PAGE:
i had the neoprenes for a couple years. i had to upgrade this year cause they started leaking, pretty bad. those (walmart-Alaskans) were cheap and did the job however i completly understand both the sand issue and the getting them on and off issue. did not the waders you got come with a pair of like cuffs? i believe they are what you want to put on around your ankle over the boot top to help keep sand out. i never used mine. i picked out a nice new set this year, breathables with boots attached. i went with a size bigger boot so it is easier to get them on and off and they are awesome compared to getting wet neoprenes on off, i am so much happier now.

  6. #6
    Member dkwarthog's Avatar
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    Costco had Allen breathables a while back that were about 50-60$. I dont know if they still have them or not. I bought two pair and have busted a ton of brush moose and bear hunting in them without any rips so far...They are neoprene sock feet and I was pretty amazed how comfortable they are, they are kinda loud though. I've even climbed a few spruce trees in them without any rips...I just pull the insoles out of an old pair of hiking boots and you get pretty good ankle support that way...

  7. #7
    Member greythorn3's Avatar
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    Default

    i like the ones at walmarts, they are good!
    Semper Fi!

  8. #8
    Member DRIFTER_016's Avatar
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    Default

    I have a pair of Simms G3's with their Aqua Stealth Studded Guide Boots and they are by far the best waders I have ever owned, bar none. They do come with a pretty hefty price tag though.


    Look at the Cabelas Guide Tech waders. They come in boot foot and stocking foot models, are breathable and being from Cabelas have awesome customer service. They have been getting good reviews also. The model with the boot foot is actually an attched boot similar to the boots worn over stocking foot waders and offers more support than the regular boot foot models. For a couple of hundred you get an excellent pair of waders with great waranty and customer service.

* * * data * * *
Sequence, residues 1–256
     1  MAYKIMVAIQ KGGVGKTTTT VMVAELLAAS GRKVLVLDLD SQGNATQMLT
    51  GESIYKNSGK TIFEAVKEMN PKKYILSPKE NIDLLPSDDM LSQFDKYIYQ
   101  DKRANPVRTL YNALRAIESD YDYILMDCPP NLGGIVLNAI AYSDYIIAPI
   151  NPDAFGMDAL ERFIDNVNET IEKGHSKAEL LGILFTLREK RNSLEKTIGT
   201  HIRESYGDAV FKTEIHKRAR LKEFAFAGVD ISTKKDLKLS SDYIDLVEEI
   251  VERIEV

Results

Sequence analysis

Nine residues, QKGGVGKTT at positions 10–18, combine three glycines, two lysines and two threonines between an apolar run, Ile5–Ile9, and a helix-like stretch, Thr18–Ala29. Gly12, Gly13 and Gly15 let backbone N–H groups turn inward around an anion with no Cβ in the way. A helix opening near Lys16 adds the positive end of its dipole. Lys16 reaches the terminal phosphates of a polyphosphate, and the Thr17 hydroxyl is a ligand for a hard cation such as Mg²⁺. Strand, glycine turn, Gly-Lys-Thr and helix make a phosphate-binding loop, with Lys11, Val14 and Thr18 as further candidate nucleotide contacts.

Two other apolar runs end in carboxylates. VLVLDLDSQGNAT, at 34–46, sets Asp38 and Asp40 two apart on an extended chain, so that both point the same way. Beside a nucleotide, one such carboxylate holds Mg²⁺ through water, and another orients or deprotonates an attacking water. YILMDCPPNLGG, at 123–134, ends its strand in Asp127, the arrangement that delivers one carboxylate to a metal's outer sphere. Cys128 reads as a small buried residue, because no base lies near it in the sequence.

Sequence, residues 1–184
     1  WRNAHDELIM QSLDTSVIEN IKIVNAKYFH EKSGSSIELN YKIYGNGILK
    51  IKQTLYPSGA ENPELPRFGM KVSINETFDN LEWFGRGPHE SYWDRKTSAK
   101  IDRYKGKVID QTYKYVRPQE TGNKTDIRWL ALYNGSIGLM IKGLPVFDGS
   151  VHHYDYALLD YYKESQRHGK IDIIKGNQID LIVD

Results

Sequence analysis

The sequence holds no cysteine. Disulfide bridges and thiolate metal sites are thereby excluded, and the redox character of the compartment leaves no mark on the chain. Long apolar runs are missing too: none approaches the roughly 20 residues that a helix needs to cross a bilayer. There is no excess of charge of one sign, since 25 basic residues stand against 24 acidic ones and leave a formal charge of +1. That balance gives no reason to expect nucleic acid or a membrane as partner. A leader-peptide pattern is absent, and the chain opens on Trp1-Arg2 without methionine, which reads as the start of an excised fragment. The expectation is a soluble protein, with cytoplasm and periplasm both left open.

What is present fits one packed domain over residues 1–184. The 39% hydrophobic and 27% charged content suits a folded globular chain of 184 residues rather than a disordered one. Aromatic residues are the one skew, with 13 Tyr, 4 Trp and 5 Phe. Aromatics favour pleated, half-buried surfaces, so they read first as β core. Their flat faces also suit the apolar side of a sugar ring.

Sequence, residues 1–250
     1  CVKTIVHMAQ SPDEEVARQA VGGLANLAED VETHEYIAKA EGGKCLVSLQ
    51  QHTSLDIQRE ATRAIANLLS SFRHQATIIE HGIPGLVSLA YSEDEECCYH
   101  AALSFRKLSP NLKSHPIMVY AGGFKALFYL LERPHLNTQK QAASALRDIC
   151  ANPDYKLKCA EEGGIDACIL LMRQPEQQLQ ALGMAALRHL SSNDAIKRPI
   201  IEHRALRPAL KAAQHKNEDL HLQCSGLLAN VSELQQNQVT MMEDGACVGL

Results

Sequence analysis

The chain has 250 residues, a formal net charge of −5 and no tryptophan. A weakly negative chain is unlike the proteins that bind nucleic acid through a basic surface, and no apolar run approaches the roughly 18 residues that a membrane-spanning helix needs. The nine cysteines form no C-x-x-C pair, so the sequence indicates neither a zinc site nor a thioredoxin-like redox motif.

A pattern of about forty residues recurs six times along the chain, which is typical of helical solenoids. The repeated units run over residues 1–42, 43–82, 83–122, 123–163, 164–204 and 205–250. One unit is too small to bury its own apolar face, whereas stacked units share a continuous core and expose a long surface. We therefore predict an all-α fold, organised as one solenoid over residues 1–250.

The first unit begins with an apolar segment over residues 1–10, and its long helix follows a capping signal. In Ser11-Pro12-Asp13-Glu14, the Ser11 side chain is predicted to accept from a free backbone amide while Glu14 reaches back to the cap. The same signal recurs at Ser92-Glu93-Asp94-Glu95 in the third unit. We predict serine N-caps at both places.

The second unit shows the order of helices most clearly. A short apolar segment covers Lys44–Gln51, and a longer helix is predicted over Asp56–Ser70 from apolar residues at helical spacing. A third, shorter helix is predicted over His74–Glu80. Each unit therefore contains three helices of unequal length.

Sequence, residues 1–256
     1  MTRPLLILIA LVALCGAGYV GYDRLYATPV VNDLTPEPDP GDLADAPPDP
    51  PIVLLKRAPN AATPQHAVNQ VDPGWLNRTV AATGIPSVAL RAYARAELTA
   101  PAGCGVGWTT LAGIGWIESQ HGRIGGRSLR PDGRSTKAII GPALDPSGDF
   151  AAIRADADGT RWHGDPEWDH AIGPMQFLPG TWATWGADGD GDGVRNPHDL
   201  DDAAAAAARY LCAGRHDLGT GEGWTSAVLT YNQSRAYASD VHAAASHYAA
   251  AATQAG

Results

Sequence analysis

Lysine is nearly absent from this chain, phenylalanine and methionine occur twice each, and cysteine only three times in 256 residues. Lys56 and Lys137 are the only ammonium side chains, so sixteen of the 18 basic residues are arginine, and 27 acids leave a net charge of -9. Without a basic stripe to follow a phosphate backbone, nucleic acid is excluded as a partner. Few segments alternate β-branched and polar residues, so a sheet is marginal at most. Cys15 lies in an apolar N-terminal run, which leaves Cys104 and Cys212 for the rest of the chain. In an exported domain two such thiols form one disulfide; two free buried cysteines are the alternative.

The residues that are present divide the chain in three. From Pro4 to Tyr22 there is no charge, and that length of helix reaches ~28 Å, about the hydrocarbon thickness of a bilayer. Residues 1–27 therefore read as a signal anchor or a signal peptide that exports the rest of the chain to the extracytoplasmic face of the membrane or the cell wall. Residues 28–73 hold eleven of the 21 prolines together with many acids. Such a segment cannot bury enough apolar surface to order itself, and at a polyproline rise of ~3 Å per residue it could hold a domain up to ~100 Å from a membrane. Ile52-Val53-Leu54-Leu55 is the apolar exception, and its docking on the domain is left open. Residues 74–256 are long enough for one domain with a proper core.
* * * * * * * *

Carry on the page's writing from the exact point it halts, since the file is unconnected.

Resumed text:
http://www.cabelas.com/cabelas/en/te...005&id=0023556



  9. #9
    Member Cliffhanger's Avatar
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    Default Dan Bailey's

    Check out the features on Dan Bailey's very durable breathables. Velcro built-in waist belt, velcro gaiters. Decent price.

    http://www.dan-bailey.com/

    jim

  10. #10
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    Default

    Thanks to everyone. Iíve got some valid things to consider, now.

    The Neoprenes (Hodgemans) we have, do have cuffs. Mine is sewed on and hers is separate. They help keep the sand outta the boots, but it gets in the laces pretty bad.

    I guess we can live with the sand etc. without too much trouble, fishing in a normal stream. Itís when we are dip netting and our wet boots pick up all the dry sand when we walk back through it with our fish, nets, etc. The boots take a long time to dry, and clean compared to hip boots.

    Thanks again.
    Smitty of the North
    Walk Slow, and Drink a Lotta Water.
    Has it ever occurred to you, that Nothing ever occurs to God? Adrien Rodgers.
    You can't out-give God.

  11. #11
    Member akshrop's Avatar
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    I like the neos when I am in fast water just for the floatation aspect. But truthfully, I rarely get out of the boat to fish anymore I guess I just got spoiled. I spend most of my time baiting everyone elses lines, getting their fish off, ect...

  12. #12
    Sponsor potbuilder's Avatar
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    Neoprene or breathable only way to go is with LL Bean, no questions asked return policy, they leak you get a new pair, what else could you ask for.

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  13. #13
    Member fishnngrinn's Avatar
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    Default

    I bought some Caddis breathable waders at Freddie's that have some nice features. Neoprene booties, attached rock guards, reinforced knees and back, belt loops, and perhaps best of all, water proof zipper
    NRA Lifetime Member